My writing here might suggest I care about religion in the context of science, or evolution in relation to creationism. But those interests came much later. For most of my life I cared about religion in and of itself. I’ve been fascinated by it for almost as long as I can remember. Most of the time that religion was Hinduism. As a kid I remember devouring books about Hindu mythology and philosophy. I read, read, and read some more. I argued with my parents, uncles and aunts, family friends. Some of my fondest childhood memories are celebrating Hindu holidays with the Jamaican-Indian community.
I wish I could explain why I was so infatuated with Hinduism. Why I knew–and know–so much more about the Mahabharata than almost all of my friends. I can’t give you a good explanation. For whatever reasons, we all find different things interesting. Mine happened to be Hinduism and, later on, religion in general.
I’ve touched on Hinduism before. A recent email discussion with some close friends made me realize I should discuss it more. In particular, I’d like to develop a response to this question from one of my best friends:
I would be interested in how Hindu theologians and scientists square their belief in reincarnation with the science that shows that the world came to exist at a given point in time. Future blog topic on intersection of Hinduism and space-time physics?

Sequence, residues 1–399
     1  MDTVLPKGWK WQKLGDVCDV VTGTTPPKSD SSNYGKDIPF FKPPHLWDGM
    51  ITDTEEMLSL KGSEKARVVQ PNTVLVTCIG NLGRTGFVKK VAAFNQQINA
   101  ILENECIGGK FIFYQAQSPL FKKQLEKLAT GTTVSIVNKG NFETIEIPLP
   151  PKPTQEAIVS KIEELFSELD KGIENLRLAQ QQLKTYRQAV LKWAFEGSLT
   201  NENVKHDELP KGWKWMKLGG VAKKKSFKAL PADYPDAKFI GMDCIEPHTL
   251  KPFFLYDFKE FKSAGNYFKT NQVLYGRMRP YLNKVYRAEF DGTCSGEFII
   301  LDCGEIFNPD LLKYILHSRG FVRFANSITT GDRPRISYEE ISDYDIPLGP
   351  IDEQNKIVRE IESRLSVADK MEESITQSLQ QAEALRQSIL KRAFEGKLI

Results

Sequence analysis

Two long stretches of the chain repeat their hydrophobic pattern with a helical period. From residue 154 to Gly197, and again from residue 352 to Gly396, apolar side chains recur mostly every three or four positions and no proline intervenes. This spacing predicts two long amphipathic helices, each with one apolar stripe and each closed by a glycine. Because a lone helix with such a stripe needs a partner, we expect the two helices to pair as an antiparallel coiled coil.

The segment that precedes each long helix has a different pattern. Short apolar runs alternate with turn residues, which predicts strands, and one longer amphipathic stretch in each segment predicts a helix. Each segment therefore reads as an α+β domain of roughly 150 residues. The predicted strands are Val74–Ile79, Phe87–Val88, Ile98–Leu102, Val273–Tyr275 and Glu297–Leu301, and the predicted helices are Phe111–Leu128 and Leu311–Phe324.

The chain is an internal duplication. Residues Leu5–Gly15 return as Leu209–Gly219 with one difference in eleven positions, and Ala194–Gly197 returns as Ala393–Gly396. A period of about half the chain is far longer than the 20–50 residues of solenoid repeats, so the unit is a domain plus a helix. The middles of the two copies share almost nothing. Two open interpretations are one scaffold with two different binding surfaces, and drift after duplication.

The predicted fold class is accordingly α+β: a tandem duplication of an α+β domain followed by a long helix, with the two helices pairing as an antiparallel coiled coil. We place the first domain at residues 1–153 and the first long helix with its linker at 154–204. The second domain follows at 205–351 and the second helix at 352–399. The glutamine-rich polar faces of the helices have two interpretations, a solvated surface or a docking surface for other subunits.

The short answer is that I think the question isn’t well-framed because Hindus don’t have to ‘square’ anything. I’m not even sure Hindus ‘believe’ in reincarnation. Or rather, belief is more complicated than those of us raised in a Judeo-Christian world understand it to be. But I’ll expand on all that in the coming posts.
Before we get into the details, I want to highlight my favorite Freddie DeBoer quotes. Freddie urges us to consider:
the possibility that other adults could review the same evidence he has, experience the same experiences, have the same purchase on the world, be of the same moral discrimination, and yet conclude something different than what he’s concluded. Like the internet essayist who must forbid the possibility that musical tastes are just tastes — that they reflect not the character and content of the person inside but an inscrutable collection of chancey and contingent preferences that could have played out in any other way. [Emphasis added]
Put another way: I’m interested in Hinduism and religion because that’s just how I do. And my upcoming analyses are just that–mine. I am sure other Hindus, including other Jamindican Hindus*, will disagree with me. I’m sure religious scholars would too. But my long-time readers should not be surprised. As you know, I have some unorthodox views. I hope you enjoy the coming weeks as my blog takes a different turn.
* Plagiarized from my brother. A Jamindican is a Jamaican-Indian-American.